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Discussion Starter #1
Our 11 month old doodle Sadie, has been a "shop" dog ever since we brought her home. She goes to work with my husband at his art gallery. Although we have gone through several issues - peeing when she sees her favourite customers, jumping on family members when they come in, we have dealt with everything so far. The staff and (most) customers all love her and she loves them.

New problem - and I'm not sure how to solve this one. She has started growling menacingly at certain people when they walk in the door. Especially people with hats - and winter is coming so she will be seeing more of those. How can we prevent this? It's not good for business to have a large dog growling at customers when they walk in the door! Some people are genuinely frightened. I really want her to be able to keep going to work with my husband. The alternative is staying home alone. Any advice / help is appreciated!
 

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One thing that comes to mind is to have a few training sessions away from the art gallery exposing her to people with different hats and correcting her if she growls. I mean intentionally have friends come over with hats on to help with this. I guess you could do that at the gallery, too. Or, you could walk her on the sidewalk in areas where there are alot of people dressed in all different ways so she gets used to seeing all kinds of things.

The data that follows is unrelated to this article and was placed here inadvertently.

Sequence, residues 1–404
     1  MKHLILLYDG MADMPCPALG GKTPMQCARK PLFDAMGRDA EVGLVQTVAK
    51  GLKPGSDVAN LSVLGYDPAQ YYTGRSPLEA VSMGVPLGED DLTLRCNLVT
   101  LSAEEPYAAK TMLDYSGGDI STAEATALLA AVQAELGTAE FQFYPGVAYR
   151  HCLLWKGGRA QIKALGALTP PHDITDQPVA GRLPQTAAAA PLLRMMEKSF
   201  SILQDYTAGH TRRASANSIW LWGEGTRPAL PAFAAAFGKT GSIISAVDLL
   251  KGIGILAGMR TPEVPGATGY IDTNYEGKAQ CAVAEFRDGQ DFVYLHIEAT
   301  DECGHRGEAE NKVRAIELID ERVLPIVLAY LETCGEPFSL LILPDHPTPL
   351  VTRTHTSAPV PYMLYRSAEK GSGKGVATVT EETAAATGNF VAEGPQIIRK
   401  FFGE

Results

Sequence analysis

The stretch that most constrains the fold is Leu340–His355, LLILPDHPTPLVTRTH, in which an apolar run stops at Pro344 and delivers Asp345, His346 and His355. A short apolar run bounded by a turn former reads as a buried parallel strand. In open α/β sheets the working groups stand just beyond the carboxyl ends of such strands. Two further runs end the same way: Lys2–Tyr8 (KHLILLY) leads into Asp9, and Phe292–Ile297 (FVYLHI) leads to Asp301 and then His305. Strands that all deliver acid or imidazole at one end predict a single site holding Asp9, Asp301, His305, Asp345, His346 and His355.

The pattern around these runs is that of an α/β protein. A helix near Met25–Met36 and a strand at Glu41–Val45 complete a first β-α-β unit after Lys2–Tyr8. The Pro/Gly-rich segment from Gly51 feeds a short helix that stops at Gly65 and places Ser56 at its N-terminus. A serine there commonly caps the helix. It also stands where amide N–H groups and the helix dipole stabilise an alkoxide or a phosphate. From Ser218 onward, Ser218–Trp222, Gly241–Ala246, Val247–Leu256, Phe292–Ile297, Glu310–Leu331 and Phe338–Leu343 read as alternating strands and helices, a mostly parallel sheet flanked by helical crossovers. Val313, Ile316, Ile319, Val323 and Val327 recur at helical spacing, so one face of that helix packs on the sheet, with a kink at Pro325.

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Hi Jannie, I agree that seeking specialized training is a great idea.

At 11 months, your dog is going through a second "fearful" stage...so now is a good time to nip this fear if you expect your dog to be a companion around strangers.

I found an article about growling and it had a specific part about hats: